Chairing Disciplinary Hearings

21 & 22 July 2022 (09:00 - 16:00)

Interactive Online Course

The OHS Act and the Responsibilities of Management (Legal Liability) 

28 July 2022 (08:30 - 16:00)

Interactive Online Course

29 July 2022 (08:30 – 16:00)

Emperors Palace: Convention Centre 

Managing day-to-day challenges in the workplace

28 July 2022 (09:00 - 15:30)

Interactive Online Course

The Basic Conditions of Employment Act and Related Workplace Policies New Course

29 July 2022 (08:30 - 12:30)

Interactive Online Course 

 

August

New Code of Good Practice: Harassment in the Workplace New Course

04 August 2022 (09:00 - 12:00)

Interactive Online Course

Trade Unions in the Workplace

05 August 2022 (09:00 - 12:00)

Interactive Online Course

Managing day-to-day challenges in the workplace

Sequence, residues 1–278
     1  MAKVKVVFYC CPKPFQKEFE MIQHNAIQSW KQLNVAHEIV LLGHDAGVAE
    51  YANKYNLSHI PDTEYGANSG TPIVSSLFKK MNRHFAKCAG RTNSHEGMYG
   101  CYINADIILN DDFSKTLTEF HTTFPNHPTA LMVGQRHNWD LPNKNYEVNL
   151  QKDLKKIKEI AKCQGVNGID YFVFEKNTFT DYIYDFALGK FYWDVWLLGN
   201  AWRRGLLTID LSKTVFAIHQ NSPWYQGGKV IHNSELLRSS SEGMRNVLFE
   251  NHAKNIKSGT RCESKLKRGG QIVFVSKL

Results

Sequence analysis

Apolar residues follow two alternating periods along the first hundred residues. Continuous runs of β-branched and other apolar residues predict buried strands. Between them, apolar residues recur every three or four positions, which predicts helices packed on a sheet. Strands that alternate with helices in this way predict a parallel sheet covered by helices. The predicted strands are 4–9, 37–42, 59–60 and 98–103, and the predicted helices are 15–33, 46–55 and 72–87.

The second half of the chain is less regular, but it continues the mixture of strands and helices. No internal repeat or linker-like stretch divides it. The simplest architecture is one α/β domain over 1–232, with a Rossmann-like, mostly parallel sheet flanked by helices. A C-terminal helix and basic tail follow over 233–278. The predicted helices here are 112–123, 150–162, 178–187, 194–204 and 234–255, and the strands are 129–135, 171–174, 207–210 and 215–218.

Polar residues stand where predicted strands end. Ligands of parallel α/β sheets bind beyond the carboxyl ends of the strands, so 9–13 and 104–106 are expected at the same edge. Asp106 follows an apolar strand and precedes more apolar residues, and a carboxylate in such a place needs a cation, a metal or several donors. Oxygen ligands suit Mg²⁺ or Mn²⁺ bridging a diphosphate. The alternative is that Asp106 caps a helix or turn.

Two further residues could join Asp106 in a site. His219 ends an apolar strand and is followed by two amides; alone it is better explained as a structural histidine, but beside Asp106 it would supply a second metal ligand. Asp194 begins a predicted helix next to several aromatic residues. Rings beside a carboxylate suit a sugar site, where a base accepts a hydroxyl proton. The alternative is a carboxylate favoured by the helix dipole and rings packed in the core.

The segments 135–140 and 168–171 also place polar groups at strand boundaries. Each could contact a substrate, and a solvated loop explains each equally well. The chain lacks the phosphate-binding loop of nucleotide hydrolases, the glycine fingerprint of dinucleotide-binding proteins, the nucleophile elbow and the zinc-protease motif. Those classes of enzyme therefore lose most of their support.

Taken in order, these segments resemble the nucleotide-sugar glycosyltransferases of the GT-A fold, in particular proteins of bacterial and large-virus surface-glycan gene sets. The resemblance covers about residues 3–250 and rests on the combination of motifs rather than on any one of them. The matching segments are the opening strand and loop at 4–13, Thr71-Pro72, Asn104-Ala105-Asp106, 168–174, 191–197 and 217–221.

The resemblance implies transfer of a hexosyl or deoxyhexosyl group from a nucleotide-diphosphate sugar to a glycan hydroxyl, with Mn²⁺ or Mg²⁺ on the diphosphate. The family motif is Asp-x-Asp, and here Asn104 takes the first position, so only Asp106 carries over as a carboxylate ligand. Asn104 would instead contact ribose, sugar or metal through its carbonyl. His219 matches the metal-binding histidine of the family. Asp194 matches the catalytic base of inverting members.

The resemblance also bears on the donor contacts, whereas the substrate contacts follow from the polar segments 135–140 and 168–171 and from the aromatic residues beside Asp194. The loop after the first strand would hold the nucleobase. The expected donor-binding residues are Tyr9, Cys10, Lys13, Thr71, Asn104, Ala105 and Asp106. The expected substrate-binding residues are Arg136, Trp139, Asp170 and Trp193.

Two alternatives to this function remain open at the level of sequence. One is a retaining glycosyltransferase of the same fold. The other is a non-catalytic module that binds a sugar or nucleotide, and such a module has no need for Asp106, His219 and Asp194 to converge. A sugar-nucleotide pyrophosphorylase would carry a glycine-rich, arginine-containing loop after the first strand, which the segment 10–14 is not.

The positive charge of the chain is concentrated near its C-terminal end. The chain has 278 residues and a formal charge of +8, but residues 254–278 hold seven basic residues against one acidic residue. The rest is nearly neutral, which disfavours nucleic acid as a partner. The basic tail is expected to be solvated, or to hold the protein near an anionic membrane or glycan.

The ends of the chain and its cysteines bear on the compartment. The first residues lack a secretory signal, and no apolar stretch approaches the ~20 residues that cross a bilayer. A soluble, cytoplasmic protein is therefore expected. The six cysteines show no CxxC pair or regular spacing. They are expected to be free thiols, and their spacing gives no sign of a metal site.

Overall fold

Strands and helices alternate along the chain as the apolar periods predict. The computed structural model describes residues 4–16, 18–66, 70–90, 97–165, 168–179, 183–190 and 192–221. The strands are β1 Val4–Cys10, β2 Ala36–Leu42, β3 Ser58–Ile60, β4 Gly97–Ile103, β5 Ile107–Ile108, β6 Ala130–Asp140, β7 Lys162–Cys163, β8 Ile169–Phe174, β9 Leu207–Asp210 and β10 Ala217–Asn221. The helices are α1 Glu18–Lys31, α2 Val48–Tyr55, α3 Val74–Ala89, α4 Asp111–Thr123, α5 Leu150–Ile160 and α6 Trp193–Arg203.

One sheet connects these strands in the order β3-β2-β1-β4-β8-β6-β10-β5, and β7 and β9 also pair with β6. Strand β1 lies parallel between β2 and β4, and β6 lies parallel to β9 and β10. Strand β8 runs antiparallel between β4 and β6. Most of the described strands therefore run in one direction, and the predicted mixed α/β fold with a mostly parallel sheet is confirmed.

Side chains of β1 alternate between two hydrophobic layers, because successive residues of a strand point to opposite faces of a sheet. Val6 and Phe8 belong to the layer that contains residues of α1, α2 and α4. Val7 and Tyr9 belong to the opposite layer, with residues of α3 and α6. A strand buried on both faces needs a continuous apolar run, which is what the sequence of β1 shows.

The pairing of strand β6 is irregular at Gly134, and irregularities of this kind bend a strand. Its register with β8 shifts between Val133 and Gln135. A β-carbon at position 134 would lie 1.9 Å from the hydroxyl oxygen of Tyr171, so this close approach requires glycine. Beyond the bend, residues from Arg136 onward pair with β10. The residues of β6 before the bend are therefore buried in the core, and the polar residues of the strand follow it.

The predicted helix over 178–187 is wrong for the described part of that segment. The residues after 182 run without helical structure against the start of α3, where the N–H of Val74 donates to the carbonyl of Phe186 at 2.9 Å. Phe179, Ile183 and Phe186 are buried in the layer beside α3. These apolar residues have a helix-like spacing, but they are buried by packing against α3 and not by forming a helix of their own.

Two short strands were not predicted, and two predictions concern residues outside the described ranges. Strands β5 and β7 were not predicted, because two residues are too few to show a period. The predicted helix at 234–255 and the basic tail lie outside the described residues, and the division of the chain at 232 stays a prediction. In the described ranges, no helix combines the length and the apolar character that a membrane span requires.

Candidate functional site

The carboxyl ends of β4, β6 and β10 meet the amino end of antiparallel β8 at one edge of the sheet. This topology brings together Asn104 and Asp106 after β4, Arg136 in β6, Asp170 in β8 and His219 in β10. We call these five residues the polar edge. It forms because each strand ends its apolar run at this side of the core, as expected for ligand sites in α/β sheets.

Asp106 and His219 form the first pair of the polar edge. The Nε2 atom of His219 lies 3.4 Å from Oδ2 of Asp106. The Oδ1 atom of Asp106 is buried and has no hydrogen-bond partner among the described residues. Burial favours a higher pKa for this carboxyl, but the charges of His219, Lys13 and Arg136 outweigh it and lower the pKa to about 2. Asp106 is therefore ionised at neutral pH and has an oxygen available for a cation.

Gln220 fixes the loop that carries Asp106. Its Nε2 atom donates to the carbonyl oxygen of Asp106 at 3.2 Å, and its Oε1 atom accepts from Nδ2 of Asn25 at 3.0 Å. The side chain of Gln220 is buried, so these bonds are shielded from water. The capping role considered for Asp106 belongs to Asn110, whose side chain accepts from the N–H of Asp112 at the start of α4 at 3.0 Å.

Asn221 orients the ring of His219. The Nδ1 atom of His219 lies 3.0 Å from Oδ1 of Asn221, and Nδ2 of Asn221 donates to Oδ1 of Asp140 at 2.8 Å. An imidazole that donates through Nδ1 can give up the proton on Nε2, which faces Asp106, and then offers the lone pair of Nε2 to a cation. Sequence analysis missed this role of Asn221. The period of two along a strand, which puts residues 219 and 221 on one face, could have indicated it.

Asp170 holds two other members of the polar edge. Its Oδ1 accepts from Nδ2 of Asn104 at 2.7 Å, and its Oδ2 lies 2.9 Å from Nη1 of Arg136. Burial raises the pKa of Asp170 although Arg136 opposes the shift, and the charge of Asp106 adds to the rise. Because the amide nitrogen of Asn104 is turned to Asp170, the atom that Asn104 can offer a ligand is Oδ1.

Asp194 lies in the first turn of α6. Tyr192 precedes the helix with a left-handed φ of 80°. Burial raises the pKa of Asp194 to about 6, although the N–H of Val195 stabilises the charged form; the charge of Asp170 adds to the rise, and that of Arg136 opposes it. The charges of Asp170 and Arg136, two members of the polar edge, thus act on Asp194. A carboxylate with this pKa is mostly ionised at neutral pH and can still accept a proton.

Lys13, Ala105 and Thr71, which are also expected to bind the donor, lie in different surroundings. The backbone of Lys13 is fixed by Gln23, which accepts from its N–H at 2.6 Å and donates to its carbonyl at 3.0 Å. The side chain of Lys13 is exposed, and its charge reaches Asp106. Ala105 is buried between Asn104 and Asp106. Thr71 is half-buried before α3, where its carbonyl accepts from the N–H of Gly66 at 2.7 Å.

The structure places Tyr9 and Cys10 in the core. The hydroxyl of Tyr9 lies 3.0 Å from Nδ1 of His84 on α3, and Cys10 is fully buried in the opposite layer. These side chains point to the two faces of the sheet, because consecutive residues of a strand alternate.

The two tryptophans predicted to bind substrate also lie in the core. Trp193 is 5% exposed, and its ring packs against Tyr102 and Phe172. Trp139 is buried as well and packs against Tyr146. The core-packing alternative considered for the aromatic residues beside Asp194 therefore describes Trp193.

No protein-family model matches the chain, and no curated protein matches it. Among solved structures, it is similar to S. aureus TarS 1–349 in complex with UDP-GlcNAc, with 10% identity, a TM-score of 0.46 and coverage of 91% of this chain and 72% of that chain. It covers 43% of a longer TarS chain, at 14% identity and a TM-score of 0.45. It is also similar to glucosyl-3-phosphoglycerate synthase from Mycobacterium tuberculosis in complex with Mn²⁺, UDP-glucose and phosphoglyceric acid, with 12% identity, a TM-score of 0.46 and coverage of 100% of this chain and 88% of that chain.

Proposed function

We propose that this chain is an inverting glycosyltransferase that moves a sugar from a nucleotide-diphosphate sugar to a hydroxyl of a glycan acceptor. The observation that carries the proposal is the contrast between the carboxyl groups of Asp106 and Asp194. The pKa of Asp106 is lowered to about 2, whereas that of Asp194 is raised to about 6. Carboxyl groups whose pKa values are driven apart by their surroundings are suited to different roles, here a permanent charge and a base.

12 August 2022 (09:00 - 15:30)

Cape Town: Protea Hotel Tyger Valley

The formulation of disciplinary charges Online Course

12 August 2022 (09:00 - 12:00)

Interactive Online Course

Chairing Disciplinary Hearings

18 & 19 August 2022 (09:00 - 16:00)

Emperors Palace: Convention Centre

Hazard Identification & Risk Assessment Course

18 August 2022 (08:30 - 16:00)

Interactive Online Course

Shop Steward Training

19 August 2022 (09:00 - 16:00)

Interactive Online Course 

How to win an unfair dismissal case at the CCMA / Bargaining Council

25 August 2022 (09:00 - 16:00)

Interactive Online Course

Managing Poor Performance/ Incapacity

25 August 2022 (09:00 - 13:00)

Interactive Online Course

Compensation for Occupational Injuries and Diseases Course

26 August 2022 (08:30 - 16:00)

Interactive Online Course

 

September

Retrenchments Simplified

02 September 2022 (09:00 - 12:00)

Interactive Online Course

Introduction to Mediation New Course

08 September 2022 (09:00 - 16:00)

Interactive Online Course

Basic Labour Relations

09 September 2022 (09:00 - 16:00)

Cape Town: Protea Hotel Tyger Valley

Negotiation Skills New Course

22 September 2022 (08:30 - 16:00)

Interactive Online Course

 

Our Clients